Monday, October 8, 2012

Is LinkedIn Testing Shark Filled Waters with its New Top Influencers Updates?

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Is LinkedIn jumping the shark with a new influencers feed?

In what may end up being the jumping of the shark for LinkedIn they, to me at least, have succumbed to social peer pressure.

Up until now the news feed features and highlights that appeal directly to you we're in your feed.  It included only influencers and top discussions from groups you are a member of and news feeds from your network.

I may be ahead of the game and yes, it seems all social networks have a life-cycle. I want to mark today as the day that I said this is the LinkedIn 'jumping the shark moment.' It seems the professional network has buckled to the pressures of other social media and taken steps to remain relevant with users. 

Why do I say this?

LinkedIn, after it dissolved an agreement with Twitter for an instantaneous update feed has now, in what I believe is a struggle to remain relevant, has announced that it has engaged with the professional world's top influencers to post content, whether wanted or not, generated by the business world's top influencers.

According to another blog and as evidenced by this morning's activity, Twitter has engaged the likes of Barack Obama, Mitt Romney, Chopra and Robbins to circulate content on its network, and on a regular basis.  

What I don't want in the least is logging into LinkedIn to read Obama or Romney’s political agenda, Deepak Chopra’s peaceful meditation recommendations, or Tony Robbins “inspiration”.

Even though I have a choice whether or not I want to follow this stream of what I consider to be irrelevant fodder on the network, if one of my connections chooses to follow and post updates from these 'influencers' I am faced to deal with countless stories and 'news' feed in which I am not interested.

I purposely choose who Is in my network and from who I want to see updates. Why would you force upon me the people who LinkedIn thinks are important? 

When I log in to Facebook I don’t get political agenda thrown upon me from anyone other than my friends who choose to promote their own beliefs, and If I don’t like them I can argue, or un-friend them. 

Even if they don’t thrust this upon me and make me choose to follow it, it still opens the network up to people who likely aren’t the real people posting information that will be re-tweeted, re-posted on Facebook, and put into news feeds.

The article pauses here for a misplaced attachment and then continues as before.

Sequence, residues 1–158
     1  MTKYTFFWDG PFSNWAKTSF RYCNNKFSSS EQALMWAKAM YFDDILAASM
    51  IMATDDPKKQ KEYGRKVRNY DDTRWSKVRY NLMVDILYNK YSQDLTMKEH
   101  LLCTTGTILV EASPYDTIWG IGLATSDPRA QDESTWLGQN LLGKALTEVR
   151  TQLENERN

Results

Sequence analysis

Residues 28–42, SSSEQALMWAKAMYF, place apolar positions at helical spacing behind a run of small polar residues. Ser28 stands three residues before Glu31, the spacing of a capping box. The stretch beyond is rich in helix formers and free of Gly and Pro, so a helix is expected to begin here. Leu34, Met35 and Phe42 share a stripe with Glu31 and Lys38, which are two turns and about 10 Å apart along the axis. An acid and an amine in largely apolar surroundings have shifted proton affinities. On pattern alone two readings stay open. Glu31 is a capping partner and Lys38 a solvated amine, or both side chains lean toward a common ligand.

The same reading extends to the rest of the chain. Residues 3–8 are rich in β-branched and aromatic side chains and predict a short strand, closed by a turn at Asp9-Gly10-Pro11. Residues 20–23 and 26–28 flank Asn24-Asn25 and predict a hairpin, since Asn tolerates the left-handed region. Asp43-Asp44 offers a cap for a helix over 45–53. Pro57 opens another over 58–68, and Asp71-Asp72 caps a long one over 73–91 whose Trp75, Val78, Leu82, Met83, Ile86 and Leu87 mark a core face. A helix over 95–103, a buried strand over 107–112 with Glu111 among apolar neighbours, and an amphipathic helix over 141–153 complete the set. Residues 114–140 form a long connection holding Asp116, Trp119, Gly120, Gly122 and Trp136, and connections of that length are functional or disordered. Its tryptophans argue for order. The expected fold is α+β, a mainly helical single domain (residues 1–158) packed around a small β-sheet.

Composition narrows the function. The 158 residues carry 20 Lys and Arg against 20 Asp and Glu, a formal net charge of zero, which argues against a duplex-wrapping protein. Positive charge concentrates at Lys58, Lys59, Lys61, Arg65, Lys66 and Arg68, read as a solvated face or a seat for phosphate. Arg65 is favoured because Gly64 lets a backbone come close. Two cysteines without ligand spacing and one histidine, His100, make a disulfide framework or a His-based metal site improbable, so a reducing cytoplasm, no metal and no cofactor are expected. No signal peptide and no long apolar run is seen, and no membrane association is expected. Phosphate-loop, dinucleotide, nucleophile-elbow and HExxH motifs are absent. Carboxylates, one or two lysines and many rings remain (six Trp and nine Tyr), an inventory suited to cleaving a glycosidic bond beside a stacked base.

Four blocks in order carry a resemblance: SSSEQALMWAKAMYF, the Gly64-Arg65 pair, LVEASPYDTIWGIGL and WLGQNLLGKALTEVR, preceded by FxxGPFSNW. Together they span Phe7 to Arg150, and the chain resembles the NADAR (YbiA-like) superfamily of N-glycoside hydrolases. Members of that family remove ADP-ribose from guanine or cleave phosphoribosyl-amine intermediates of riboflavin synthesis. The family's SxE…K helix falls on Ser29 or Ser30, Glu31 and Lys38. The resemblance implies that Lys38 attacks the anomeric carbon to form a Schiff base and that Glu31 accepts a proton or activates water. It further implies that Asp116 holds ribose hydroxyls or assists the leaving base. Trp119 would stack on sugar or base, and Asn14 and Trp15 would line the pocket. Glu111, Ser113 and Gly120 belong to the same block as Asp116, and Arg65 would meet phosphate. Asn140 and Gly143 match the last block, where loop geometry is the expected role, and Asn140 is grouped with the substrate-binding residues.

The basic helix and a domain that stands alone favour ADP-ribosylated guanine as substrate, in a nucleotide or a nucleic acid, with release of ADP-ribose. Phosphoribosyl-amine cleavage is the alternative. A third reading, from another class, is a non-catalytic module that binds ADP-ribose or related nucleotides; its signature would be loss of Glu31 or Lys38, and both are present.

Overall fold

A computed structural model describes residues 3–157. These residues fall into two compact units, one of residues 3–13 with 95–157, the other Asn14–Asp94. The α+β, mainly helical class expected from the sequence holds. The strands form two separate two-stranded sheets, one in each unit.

I don’t believe that the likes of Obama and Romney (or Chopra or Robins for that matter) will really sit down and create LinkedIn updates. Sorry, but I’d like to think they have better things to do with their time.  So whatever publicist is posting their messages (that will undoubtedly appear all over the social networks including LinkedIn of which I am a part), I am almost certain I will not be getting information from this “Trusted Elite Influencer.”

LinkedIn...I hate to say it because I do find the professional networking you provide of value not only to my business and colleagues within my business but, I am sorry;  this looks like the beginning of the end to me.

I woke up to the same story re-posted several times on my timeline saying it was a trending story. I may have missed a strategic move by a former colleague or a current colleague as a result. I may use LinkedIn differently than the average user; who is mostly interested in leveraging contacts to gain better employment opportunities; but I feel the new changes have reduced this network to a glorified social medium that is teetering on the edge of becoming just 'another social media outlet.'

Don't get me wrong, LinkedIn has its place. I've said before that I think it will render job aggregation boards obsolete, but I really think LinkedIn could do a lot more to become more than a recruitment platform. Maybe that’s what they are going for with the trusted elite news feeds / following, but I think they missed the target.

They need to engage professionals: the exact people using LinkedIn.   We need to know what professionals are seeing in their industry; not just a single job they need help with. Maybe we as a professional group are transactional and single job focused, but doesn’t the big picture have relevancy?

What do you think? Has LinkedIn devalued itself to pander to the likes of Facebook and Twitter to remain relevant, or do you think the mere nature of the network as a professional network is enough to sustain its relevance, no matter what they do?

Josh Kaplan writes on various subjects including information technology breakthroughs, big data, IT staffing and recruitment, healthcare IT recruitment, and technical industry news and trends.